Made Up

IMG_0778 Sparkly eyeshadow and inky, aerodynamic eyebrows peer at me over my boyfriend’s shoulder, as he hugs the glam rock guy and says hello.
This is reassuring.  Sparkly eyeshadow on a man is so reassuring.

I had left the house that evening feeling jittery.  Through the wonders of the internet, I was aware that six blocks south, friends of friends had been assaulted on their own front porch.  We live in an exciting part of town.  This means that the parties are wilder, and that we hear gunshots regularly.  We are free to create things, and to destroy them.

I walked down to my landlord’s mailbox and pulled out the copy of my key that I had left for him.  At least I wasn’t rolling out the welcome mat for intruders.  At least I would have the smashing of wood and glass to announce that someone was breaking in.  I pondered leaving my front light on all night.  Did the light say, “Don’t come up here, everyone will see you”?  Or did it say, “Someone lives up here, come get me”?  Then I vacuumed for a while.  I didn’t really feel like going out, but in a nervous frame of mind, I wouldn’t sleep well, either.

The boyfriend and I drove down to a darker, crumblier part of town, where the plodding ghosts of millions of cows cause congestion for the livelier ghosts of cowboys and prostitutes and hobos.

We hiked up some elderly wooden stairs.  At the top: the swaying band and the dancing people and the uneven floor and the giant Cyclops sculpture with the stake sticking way out of his eye and the random castoff furniture and the hand-painted cutouts that turn the back of the space into a sort of a stage.

None of your problems will be solved by happy brass instruments and drums and wiggling singers lined up.  Or by people drinking things that warm their throats.  Or by people in the audience eyeing each other approvingly as they dance, making one big animal of arms and hips.

And nothing is solved by men wearing sparkly eyeshadow.  My nerves are calmed, though, by seeing the dazzle of freedom.  It is expensive because it is valuable.


I went straight from a Midwestern Baptist-style funeral to summer-steamed New Orleans. One minute I was singing a hymn in a pew, and hours later I was on a bus staring at the rehabbed Superdome, seeing the ghosts of the abandoned along the clean sidewalk.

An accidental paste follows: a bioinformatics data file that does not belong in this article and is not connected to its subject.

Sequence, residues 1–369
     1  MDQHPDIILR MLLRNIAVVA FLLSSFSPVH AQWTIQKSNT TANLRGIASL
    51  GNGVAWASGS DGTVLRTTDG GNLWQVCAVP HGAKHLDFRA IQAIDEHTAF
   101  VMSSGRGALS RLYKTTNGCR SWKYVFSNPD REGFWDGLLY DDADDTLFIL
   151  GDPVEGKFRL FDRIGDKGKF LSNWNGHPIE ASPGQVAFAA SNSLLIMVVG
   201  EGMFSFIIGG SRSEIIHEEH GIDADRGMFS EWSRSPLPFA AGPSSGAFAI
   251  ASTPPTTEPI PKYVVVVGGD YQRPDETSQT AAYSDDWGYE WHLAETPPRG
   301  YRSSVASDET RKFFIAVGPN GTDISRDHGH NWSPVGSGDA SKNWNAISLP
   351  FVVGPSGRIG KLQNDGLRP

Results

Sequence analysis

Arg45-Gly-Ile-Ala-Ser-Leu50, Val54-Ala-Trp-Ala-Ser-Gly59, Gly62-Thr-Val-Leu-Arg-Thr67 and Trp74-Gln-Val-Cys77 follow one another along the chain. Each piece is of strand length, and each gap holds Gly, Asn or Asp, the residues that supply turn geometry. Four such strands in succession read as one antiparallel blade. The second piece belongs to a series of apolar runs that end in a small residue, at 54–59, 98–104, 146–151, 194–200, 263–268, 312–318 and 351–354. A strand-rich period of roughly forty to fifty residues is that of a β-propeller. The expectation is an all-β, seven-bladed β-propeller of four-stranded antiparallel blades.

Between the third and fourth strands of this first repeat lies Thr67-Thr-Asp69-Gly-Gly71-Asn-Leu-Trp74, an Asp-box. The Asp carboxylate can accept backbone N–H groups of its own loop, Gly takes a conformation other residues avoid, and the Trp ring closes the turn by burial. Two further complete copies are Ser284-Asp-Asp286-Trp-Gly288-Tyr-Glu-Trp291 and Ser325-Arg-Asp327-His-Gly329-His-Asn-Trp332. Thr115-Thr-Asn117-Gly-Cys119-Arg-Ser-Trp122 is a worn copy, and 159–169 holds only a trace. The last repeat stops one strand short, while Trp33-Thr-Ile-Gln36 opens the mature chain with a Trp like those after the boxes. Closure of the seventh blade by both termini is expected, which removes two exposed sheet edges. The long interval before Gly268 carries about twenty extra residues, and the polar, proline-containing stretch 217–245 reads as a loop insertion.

I had to say some firm, abbreviated goodbyes to get out of the church and to the airport on time.  Once I was installed behind the security lines, I disciplined myself to read the newspaper, as if it were a normal day.

I was woozy with exhaustion when I finally got to the New Orleans airport.  I just had to get a ride to the hotel.  Then I could let go and sleep.  But the van was the cheapest way, and the van was a while in coming.  The van drove us by the Superdome.  That was the first I saw of New Orleans.

People had told me, It’s like Europe, and as I looked out the dotted side window, I thought, This isn’t like anything else.  The darkness of it, the narrowness that suggests age, and the patina that proves a city values history—it was strange to me.  There was nothing out those windows that said America.  Americans prefer to tear down a building just when it is getting interesting.  Americans need things opened wide.  There could be aliens or time travelers hidden in this city.  I looked for ghosts.  I saw empty lots.

I was a ghost by the time we got to my hotel.  It was the very last stop on the van’s ring-around-the rosy drop off pattern.  It was also, blessedly, in the French Quarter, in an ancient building, and not part of the dull convention center zone.  I had time for only a few hours’ sleep before my convention began the next morning.

I stumbled through the next day’s work fueled with Styrofoam cups of coffee.  Since this was a business trip, I wasn’t sure that I would partake of New Orleans’ pleasures at the end of the day.  I had a one-drink-with-the-boss limit that I’ve always strictly observed.

However, once we were installed in a piano bar, the drinks began to flow, and almost all of them were gifted to me by other members of our party, and I counted slowly: wine, wine, sazarac, sazarac…. The waiters circulated, jacketed in neat red uniforms.  The cellar walls of the bar ringed us with darkness. The man next to me slashed song titles on a napkin with ballpoint pen, checked them with me, sent them up to the performers.  And I was gleefully tipsy, while safely less drunk than my colleagues, who were singing into their straws and swordfighting with their cocktail swords.

Back at the hotel, I looked at myself in the garish glare of the mirror.  I thought of the good Christian crowd at the funeral.  Boy, if they could see me now.  I drank four cups of water, glugged them down like a trouper, and lay down to try to sleep.  It would be another night of not enough sleep, and another long day of conference sessions in frigid, plain rooms.

My last night in New Orleans, I danced in a blues bar on Bourbon Street.  It was almost empty—a slow night. They sometimes have time during the funeral when people can stand up and say something about the dead person.  I had said something about Grandma.  I told a story about her dancing, although the room was full of dancephobic conservatives.  The story might have been awkward for the crowd, but I thought it did Grandma justice.